If the reducing valve or fill valve is leaking by then you can also get extra pressure in the system.8e5ccb4.jpg A normal heating system will only run 10-20 psi pressure. Most well systems or city water is way higher than that. If the pressure in your boiler gets over 30 psi then it will begin to relieve the extra pressure by dripping water.

If you have a drip from your boiler this is what you check. First the expansion tank, the reducing valve, and the bypass valve that bypasses the fill valve. This valve is usually installed to quick fill the system, or purge the water lines of air.

Often there is just a small problem that looks like a big problem. Do not get excited and methodically check through the possibilities. You will usually find that the problem is not nearly as bad as you first thought that it was.

on Dec 06, 2009 | Heating & Cooling

1 Answer

We have radiant floor heating system ran with /wirsbo valves. One zone is not working..not heating at all. The valve seems to open up when thermostat is turned on but not heating room. Any suggestions?


Are you able to isolate the Zone?
If you are able to isolate the Zone, is there anyway you can bleed air out of the system?

1) turn off the other zones and see if this one starts to heat up,
if not. Try to bleed Air out of the main header until it gets warm. If this does not work, do you have to manually add water or is it an auto fill system? Make sure that is working or manually add water.

Oct 30, 2013 | Uponor Wirsbo A3010526 Thermal Zone Valve...

2 Answers

Ineed info on changing a expansion valve ona split a/c unit


If indoor coil TXV then start by pumping system down-while system is running in the cool mode close discharge line valve at outdoor unit (the small line) watch low pressure side of gauges as needle falls start closing the other valve idealy u want valve completely closed around the same time the PSI reaches "0" and kill power at disconnect by unit at the same time. Now your refrigerant is in the outdoor unit. However if TXV was completely closed off you may have refrigerant between the TXV and outdoor unit in the little line in which case that would have to be recovered into a cylinder. Now you can remove old TXV also remove filter drier if is one and install new one just before TXV either way this is to catch any trash or moisture left in system. Next pull a vacuum on the system perferably down to 500 microns if not pull for 45min close gauges and let sit 10min or so and see that needle doesnt rise if it does u have a leak find leak and repair start process over. Its best if u have nitrogen or CO2 to put some pressure on lines before pulling vacuum upto about 100PSI and bubble soap joints see that pressure doesnt drop then release pressure and start vacuum once vacuum complete open valves on outdoor unit.(do not remove hoses from lines until valves opened or u loose vacuum and have to start over) reconnect power and check charge by subcooling method add or remove refrigerant if needed. ADD:if u have to braze TXV in then wrap it with a wet rag so it doesnt get to hot and damaged.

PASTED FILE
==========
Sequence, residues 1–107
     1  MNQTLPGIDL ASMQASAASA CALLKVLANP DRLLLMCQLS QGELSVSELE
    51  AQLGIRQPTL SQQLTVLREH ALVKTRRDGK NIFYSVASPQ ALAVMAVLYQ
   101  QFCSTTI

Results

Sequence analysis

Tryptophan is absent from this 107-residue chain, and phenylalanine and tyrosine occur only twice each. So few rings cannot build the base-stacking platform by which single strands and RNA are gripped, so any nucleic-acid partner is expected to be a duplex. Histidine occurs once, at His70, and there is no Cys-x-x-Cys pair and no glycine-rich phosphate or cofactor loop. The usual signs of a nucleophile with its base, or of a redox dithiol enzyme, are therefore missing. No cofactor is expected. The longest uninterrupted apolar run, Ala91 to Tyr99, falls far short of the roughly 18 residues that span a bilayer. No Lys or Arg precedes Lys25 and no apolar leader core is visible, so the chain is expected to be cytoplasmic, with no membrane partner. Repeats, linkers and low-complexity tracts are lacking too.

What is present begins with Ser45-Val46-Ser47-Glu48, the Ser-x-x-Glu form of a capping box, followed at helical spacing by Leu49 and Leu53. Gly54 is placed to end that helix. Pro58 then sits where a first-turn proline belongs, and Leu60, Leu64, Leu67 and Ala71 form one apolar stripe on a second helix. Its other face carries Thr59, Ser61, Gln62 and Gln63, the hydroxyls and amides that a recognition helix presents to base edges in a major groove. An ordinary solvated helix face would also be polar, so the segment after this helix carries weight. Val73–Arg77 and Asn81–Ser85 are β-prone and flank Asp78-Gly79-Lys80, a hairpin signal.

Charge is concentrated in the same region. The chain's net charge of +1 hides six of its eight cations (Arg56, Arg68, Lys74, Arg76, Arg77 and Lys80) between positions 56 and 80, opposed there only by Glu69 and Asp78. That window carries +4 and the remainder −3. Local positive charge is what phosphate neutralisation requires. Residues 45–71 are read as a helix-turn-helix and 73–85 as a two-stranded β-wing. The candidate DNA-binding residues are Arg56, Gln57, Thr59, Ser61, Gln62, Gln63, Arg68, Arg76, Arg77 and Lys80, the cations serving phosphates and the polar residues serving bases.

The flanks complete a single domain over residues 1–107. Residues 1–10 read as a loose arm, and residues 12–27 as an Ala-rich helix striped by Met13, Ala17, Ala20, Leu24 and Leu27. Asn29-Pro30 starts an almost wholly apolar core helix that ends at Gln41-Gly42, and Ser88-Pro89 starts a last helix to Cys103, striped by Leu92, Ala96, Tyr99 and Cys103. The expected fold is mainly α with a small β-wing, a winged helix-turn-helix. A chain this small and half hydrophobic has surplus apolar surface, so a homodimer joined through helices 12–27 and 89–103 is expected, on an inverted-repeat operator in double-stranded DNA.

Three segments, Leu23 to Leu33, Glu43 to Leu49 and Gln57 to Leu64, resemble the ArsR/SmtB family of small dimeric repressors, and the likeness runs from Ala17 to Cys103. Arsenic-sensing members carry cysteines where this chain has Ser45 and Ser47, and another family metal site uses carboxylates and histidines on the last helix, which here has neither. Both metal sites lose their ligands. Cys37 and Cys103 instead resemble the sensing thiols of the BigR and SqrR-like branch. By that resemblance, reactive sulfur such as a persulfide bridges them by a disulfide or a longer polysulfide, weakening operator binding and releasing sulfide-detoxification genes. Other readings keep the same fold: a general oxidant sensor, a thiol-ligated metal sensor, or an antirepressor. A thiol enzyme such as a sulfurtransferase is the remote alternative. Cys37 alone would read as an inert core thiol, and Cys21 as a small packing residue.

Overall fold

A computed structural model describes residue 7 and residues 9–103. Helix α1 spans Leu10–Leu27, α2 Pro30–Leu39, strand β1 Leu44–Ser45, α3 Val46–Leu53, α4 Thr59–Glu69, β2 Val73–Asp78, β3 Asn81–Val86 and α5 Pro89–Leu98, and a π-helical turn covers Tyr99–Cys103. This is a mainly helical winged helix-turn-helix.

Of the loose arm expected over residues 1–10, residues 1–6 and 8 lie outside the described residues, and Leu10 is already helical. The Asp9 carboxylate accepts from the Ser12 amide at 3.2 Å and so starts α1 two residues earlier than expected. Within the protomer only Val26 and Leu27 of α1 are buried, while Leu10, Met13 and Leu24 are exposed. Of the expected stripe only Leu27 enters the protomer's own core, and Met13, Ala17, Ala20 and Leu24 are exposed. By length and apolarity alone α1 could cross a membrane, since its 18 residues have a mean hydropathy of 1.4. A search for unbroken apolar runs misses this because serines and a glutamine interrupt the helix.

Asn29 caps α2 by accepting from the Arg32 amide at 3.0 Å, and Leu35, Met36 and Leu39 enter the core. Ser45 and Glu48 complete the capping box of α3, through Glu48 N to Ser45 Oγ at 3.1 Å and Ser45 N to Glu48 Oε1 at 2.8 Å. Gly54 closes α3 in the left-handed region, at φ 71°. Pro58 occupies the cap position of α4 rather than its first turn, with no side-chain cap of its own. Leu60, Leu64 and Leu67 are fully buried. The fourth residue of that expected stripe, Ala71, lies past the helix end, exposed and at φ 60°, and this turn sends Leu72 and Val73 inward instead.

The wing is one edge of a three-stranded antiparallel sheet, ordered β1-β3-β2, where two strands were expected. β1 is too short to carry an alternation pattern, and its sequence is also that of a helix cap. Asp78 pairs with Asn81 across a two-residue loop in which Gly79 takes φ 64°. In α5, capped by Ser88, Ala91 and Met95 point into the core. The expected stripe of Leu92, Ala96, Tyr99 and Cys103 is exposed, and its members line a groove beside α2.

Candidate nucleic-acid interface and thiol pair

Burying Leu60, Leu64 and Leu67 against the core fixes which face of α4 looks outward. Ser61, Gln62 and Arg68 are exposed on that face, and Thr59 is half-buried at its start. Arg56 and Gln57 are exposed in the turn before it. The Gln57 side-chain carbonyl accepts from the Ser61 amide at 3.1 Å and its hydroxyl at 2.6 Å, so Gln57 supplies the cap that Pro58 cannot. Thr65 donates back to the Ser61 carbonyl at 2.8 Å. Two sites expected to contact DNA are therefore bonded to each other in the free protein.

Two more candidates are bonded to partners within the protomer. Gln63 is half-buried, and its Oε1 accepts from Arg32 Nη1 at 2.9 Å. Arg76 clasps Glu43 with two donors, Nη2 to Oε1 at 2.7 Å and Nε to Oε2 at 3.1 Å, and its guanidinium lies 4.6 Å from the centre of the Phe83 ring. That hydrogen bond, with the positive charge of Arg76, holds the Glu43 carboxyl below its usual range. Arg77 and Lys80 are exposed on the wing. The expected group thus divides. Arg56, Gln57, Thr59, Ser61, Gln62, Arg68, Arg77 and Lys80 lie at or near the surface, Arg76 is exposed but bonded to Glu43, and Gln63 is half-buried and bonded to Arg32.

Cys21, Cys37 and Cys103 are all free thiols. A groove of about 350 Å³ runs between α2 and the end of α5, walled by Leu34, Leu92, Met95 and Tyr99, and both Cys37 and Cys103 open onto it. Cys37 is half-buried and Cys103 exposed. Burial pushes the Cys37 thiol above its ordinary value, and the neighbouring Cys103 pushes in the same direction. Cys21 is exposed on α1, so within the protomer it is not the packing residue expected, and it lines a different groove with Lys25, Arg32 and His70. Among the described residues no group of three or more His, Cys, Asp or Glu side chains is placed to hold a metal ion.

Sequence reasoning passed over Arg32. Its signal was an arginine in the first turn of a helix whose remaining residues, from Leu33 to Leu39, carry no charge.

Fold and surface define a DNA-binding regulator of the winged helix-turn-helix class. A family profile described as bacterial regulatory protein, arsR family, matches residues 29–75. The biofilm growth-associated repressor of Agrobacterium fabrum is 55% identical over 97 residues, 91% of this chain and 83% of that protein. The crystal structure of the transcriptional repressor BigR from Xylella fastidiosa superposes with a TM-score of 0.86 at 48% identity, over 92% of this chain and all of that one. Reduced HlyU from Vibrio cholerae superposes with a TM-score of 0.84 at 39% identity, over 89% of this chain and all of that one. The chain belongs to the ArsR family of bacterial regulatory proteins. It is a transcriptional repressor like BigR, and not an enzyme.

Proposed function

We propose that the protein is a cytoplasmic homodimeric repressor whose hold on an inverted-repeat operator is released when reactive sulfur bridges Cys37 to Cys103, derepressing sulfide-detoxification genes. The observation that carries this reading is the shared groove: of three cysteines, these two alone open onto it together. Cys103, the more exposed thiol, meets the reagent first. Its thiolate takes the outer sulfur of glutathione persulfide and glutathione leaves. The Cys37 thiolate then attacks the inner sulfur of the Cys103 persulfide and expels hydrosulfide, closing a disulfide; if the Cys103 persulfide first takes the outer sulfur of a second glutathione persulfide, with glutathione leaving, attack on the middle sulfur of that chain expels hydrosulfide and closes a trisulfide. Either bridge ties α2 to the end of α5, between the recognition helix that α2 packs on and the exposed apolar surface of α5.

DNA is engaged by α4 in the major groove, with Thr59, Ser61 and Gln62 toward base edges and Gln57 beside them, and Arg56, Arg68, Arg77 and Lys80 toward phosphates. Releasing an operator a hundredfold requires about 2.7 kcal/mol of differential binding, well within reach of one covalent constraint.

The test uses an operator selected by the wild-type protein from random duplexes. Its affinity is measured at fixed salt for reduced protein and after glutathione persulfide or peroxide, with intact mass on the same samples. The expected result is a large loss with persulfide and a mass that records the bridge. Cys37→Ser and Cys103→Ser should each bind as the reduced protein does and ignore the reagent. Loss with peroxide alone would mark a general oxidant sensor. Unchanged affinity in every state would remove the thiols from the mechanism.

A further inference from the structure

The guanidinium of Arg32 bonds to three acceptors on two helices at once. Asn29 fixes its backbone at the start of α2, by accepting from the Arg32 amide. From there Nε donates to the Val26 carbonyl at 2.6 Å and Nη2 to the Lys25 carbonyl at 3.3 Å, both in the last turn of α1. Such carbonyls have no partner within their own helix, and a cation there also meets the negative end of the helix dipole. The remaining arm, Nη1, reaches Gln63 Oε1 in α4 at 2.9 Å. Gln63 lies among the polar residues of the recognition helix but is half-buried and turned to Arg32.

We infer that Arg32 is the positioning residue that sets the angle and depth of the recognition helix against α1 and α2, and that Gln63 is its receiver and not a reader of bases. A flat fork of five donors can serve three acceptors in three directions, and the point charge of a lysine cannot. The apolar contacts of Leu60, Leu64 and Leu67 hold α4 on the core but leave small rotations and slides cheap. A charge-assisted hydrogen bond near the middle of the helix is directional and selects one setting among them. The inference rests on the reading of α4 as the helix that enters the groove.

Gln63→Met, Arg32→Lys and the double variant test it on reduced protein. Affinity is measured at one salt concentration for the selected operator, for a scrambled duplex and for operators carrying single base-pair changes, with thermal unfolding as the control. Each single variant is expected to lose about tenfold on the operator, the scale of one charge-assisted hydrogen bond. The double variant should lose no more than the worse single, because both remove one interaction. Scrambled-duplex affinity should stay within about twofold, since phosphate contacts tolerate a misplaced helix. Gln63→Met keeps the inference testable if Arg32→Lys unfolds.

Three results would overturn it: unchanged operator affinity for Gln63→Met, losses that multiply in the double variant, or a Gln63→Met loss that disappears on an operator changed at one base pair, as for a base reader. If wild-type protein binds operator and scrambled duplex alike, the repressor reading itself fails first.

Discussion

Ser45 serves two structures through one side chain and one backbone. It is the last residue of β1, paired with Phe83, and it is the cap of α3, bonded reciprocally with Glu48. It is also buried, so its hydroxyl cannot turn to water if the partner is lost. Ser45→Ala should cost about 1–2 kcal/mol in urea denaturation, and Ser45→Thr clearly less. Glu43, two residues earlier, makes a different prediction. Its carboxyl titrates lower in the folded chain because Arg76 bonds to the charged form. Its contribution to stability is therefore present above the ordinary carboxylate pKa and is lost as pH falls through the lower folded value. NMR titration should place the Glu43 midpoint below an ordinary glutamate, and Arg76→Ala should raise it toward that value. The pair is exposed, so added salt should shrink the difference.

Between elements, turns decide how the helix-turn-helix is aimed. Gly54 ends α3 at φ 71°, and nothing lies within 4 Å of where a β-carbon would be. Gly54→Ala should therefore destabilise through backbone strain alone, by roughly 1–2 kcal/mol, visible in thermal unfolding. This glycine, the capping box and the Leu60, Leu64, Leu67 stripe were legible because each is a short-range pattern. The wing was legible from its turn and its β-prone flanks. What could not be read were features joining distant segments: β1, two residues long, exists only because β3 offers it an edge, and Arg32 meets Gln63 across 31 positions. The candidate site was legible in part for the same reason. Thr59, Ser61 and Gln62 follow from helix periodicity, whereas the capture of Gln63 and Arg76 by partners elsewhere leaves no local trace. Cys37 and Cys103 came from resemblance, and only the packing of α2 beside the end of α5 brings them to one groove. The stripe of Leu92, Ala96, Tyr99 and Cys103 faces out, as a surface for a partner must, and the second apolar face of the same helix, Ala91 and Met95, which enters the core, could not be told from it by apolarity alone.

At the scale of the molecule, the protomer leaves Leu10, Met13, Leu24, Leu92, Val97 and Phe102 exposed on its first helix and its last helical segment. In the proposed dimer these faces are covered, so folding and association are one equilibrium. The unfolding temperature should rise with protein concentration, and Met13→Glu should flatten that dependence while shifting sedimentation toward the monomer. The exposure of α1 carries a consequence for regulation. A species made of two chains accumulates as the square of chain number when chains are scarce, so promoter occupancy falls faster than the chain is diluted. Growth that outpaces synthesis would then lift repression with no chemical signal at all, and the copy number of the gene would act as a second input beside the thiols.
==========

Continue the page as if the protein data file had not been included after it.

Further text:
Aug 27, 2012 | Goodman Heating & Cooling

2 Answers

Whats the routine for fitting a new expansion tank? HELP At what pressure should the overpressure relief valve lift?


Hello, not know the size of your system I can only give you the standard answer. Most expansion tanks are sized by the amount of water they will hold, however a rule of thumb has been a smaller 4 zone system will have a 7 gallon tank with 12 psi charge. Larger systems will sometime go has much as 30 gallons but, the charge is still 12psi. The relief valve should be a 30psi set but, again on larger systems it will be 50 psi. The 12psi is a standard auto fill valve max and you want to match the charge of the expansion tank to the auto fill valve setting. Hope this helps.

Dec 30, 2010 | Heating & Cooling

1 Answer

PSCZ Residential Irrigation Controller issue - reset it and it reverts back to time on the display that does not exist like 9001 etc... also wondering.. the pressure that comes out of the sprinklers...


I would replace the controller. As for your pressure, you can adjust your pressure switch to a higher pressure. A 40-60 psi setting gives an average pressure of 50 psi.Keep in mind that your expansion tank should have an air pressure setting 2 psi lower than your cut in pressure. There is a schraeder valve at top of tank where you can pump in air. Change the tank pressure before you adjust the press switch, which has simple instructions on the inside of the cover of the switch.

Nov 16, 2017 | Plumbing

1 Answer

I have a slant fin s 180 radiant heating system. The temperature in the water runs from 60 degrees to 150 degrees. However the presure runs from 15lbs to well over 30lbs at times and then the releaf valve...


Tap on the expansion tank with a screw driver. If it sounds hollow, great. If it gives you a thud sound, change it. If you have a plate exchanger or water heater tank, you could have an internal leak and allowing house water pressure to seep into your heating system. You may have to shut off the water supply to the water heater or plate exchanger to see if the boiler pressure remains at 15lbs.

Feb 15, 2010 | Heating & Cooling